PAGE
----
Did the Algonquin round table somehow spiritually relocate itself in the early 1970s to Key West, Florida? The idea that the small, remote island city was a hotbed for one of the last great counterculture arts scenes — particularly for prose writers, but also with some music mixed in — is the focus of a new short film about the Key West scene of 50 years ago, “All That Is Sacred.” The 34-minute movie, which stars the famous novelist Tom McGuane and writer-musician Jimmy Buffett, has its premiere at the Telluride Film Festival this weekend.
Variety has an exclusive premiere for a trailer for the film, which does not yet have distribution; check it out below. We also talked with McGuane and director Scott Ballew about how the subject of the film came into focus, harking back to a loose collective of wild but serious writers in Key West that also included men of letters like Jim Harrison, Richard Brautigan and Russell Chatham.
Doing it as a half-hour-plus short rather than a feature “seemed like the right length based on the path we took in making it about the friendship. I mean, each one of these guys could, should and probably will have at least a 90-minute film on their own individual journeys.”
“I hadn’t understood how powerful it was going be,” says McGuane. “We’ve shown it to a lot of people — we’ve just shown it to Tom and Meredith Brokaw — and I mean, everybody that sees it seems to burst into tears. It’s just a strong little movie and I think Scott did a great job of it.”
Is it a scene to get sentimental about, even though everyone involved was doing some wild living at the time? “I’m not sure sentimental is the right word,” McGuane says, “because most of these people have died or are dying I mean, it’s kind of a last look at the living, really, in some ways, or it was that for some of us who were involved with this thing, that gave it some power. Some people in it have died and others are in poor health. I told my brother-in-law Jimmy (Buffett), ‘You should do a song called “Last Man Standing-ville.”’ He said, ‘That’s too close for comfort.’” (Buffett has been under the weather and will not be able to make it to Telluride for the premiere, as originally planned.)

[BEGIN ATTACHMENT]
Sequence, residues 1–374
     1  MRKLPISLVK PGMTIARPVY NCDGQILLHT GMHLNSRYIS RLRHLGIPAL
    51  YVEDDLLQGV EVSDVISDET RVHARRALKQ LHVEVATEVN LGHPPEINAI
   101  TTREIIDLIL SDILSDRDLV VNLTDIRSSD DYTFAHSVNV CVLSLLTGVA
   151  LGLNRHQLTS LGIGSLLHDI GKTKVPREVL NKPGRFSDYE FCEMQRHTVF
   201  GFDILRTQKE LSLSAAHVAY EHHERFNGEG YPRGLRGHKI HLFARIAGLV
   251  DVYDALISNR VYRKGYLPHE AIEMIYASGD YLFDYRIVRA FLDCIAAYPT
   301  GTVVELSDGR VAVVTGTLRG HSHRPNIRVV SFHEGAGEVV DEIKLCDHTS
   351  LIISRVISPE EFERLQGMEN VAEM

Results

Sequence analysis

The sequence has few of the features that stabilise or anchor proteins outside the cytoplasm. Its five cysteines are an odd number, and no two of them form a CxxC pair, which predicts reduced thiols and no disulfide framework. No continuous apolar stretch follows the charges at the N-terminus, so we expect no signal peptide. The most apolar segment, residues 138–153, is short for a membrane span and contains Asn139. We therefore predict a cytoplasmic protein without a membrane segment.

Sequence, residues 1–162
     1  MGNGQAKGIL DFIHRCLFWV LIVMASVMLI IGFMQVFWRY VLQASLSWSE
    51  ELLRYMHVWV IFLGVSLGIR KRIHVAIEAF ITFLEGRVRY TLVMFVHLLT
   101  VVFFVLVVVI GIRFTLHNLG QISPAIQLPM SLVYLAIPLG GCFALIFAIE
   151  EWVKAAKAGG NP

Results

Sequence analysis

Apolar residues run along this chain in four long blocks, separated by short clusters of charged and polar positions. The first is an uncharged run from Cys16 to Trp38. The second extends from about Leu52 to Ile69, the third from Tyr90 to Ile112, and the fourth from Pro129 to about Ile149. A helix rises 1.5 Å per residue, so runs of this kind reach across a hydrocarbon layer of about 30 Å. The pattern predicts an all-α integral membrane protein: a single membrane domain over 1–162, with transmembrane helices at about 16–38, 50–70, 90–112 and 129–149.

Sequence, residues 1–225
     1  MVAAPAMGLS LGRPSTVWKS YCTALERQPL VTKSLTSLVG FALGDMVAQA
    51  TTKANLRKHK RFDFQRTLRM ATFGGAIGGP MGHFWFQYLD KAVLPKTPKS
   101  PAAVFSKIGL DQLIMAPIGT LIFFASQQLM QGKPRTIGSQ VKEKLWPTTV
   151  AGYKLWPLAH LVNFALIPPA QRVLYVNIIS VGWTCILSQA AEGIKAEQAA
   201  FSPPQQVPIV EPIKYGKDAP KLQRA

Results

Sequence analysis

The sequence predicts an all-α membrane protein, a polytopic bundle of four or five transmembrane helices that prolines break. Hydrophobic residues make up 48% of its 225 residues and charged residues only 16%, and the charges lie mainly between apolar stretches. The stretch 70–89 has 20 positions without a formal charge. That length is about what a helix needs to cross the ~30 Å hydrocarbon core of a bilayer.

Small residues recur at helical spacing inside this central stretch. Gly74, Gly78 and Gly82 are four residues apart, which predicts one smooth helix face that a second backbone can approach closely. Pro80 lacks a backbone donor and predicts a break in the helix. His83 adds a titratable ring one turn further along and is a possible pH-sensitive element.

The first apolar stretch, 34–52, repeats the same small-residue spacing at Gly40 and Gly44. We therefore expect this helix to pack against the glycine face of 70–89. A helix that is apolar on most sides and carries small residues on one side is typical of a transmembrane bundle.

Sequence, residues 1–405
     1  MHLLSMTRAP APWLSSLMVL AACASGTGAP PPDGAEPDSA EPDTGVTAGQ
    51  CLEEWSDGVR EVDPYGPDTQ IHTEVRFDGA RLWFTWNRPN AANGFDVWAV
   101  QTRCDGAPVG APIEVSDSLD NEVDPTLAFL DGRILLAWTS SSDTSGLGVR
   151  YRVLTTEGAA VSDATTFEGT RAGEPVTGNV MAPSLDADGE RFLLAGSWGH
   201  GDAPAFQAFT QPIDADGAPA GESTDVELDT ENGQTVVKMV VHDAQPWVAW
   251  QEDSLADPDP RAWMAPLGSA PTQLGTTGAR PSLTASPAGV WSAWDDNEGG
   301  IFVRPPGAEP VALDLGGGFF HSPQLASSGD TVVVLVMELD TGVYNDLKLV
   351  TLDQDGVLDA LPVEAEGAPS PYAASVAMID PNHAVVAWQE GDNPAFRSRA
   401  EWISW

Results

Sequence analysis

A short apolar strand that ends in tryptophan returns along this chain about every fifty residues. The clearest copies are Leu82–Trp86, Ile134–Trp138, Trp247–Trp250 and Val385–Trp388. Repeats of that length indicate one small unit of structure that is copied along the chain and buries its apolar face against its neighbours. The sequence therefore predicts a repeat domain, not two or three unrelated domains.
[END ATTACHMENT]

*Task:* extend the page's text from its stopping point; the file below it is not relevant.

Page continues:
The project loosely has its origins in a film that was made about some of these same characters in 1973-74 but never released, “Tarpon.” It mainly focused on the writers’ penchant for casting their flies for the title fish, not their writing or music, although the then-only-semi-famous Buffett went to France to compose an original score (and is duly touted in that film’s opening credits as an “ABC-Dunhill artist”). Only seen until now in bootleg versions, “Tarpon” has recently been restored and will play as a shorts double-feature with “All That Is Sacred” at Telluride, as Ballew thinks it might once a distribution deal is made. (He says the Telluride bow will mark the beginning of their working toward that.)